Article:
If that bus scenario had happened back home, and if I was in my car waiting for this bus to move out of the way, I would've been just as irritated as those passengers. But my reaction to it now proves one thing: my perception on life and myself has already started to change.

And along with that comes another sort of epiphany... here comes the wrap-around to that "lesson in social and practical survival" I mentioned earlier. Whether I want to or not, I have to change too, in order to keep in balance with the change in my perception.

This idea has already manifested itself plenty of times since I've arrived here. In order to adapt the way I want to, I've been forced to do so many things that are just totally awkward and uncharacteristic of me...

Like meeting up for dinner with someone who's virtually a stranger, basically because we have a mutual friend. Normally, when you meet a friend of a friend, the mutual friend is around to introduce you. But in this case, I had to suck up my people-anxiety, make the phone call and then actually show up at the tube station on time with the hopes of recognizing her amongst the crowd... equipped only with a description of "I have long black hair, I tend to wear mostly black and white, and I have a severe fringe." If all else fails, we'll talk about what we have in common: our mutual friend.

Fortunately, this little meeting of ours turned out to be a complete success, at least in my opinion. There was no awkwardness at all... and since then, we've eaten fish cakes together, gone on an interesting hunt for a fee-free ATM, almost attempted to con a junk/antique shop owner into selling us a tiny French compass for £10 instead of £20, window-shopped during the Sunday-only market of Columbia Street, and secured some tickets to see Gogol Bordello in December.

We also took this picture (for our mutual friend):


Speaking of dinners... Even though I live in a house full of people, we still all keep to ourselves most of the time, unless we run into each other in the kitchens or there's actually some sort of organized social night. So having said that, I've had to practice either cooking for one or, if my refrigerator isn't stocked with anything good, go out to eat alone.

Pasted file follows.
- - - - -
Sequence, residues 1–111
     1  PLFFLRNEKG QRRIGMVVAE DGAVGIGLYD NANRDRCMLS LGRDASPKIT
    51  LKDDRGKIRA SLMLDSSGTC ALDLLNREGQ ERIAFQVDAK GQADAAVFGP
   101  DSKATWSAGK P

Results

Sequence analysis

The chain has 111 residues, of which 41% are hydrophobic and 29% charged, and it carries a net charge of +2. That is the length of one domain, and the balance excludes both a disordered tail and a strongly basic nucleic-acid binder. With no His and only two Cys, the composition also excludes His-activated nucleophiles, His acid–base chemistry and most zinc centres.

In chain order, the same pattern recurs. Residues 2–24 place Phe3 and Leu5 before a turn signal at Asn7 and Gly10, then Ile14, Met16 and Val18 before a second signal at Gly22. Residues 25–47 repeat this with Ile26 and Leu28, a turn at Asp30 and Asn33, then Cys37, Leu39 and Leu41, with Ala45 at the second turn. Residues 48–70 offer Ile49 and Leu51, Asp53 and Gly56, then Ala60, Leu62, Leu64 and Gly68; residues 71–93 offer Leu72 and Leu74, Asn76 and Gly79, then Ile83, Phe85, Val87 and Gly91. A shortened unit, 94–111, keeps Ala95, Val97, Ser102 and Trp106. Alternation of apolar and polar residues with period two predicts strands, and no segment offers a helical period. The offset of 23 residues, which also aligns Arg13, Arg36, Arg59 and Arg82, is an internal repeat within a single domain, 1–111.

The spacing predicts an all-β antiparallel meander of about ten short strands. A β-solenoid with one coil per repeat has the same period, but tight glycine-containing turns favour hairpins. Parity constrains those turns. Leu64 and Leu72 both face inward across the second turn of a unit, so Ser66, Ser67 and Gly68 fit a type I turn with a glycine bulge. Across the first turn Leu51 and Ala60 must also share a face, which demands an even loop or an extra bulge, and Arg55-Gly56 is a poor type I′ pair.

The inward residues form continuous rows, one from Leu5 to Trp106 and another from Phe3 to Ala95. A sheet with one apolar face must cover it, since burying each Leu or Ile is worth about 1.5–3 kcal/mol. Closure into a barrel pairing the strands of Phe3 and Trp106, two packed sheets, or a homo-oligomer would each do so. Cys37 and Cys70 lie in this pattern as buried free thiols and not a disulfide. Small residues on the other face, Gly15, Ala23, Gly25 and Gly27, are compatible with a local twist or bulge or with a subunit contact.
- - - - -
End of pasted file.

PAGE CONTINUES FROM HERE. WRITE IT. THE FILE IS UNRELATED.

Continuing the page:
And going out by myself happens fairly often, because without a car, it's an incredible pain to do any substantive grocery shopping. Here's the common scenario: I have plenty of rice in the cupboard but I've run out of everything else... and if I'm in Central London... it'll take me 40 minutes to get home... then I have to buy groceries... then cook them... and THEN eat. But wait, Carnaby Street is just right here with plenty of little restaurants. Hmmm...



Eating lunch by yourself is never really a big deal; I did it all the time back home. But there's something kind of lonely about eating dinner alone in a restaurant full of people. THAT is something I never really did, and whenever I would go out with friends or family for dinner, I'd always feel a little bad for that guy sitting in the corner by himself. So now, it's me... sitting at the little table with my book, because somehow this makes me feel less awkward, even though there are groups of people laughing with each other all around me. Awww.

But this whole "eating dinner by myself" complex, I've come to realize, is really just me being overly self-conscious. Of course it would be nice to have some company, but really it's not much different from being at home, alone in the kitchen in front of the TV. So maybe it's not that bad after all, or maybe I'm just trying to justify it. I'm still not really sure. All I know is that back home, I would've taken the food to go before choosing to sit alone for dinner. But here, without a car, that's just not practical.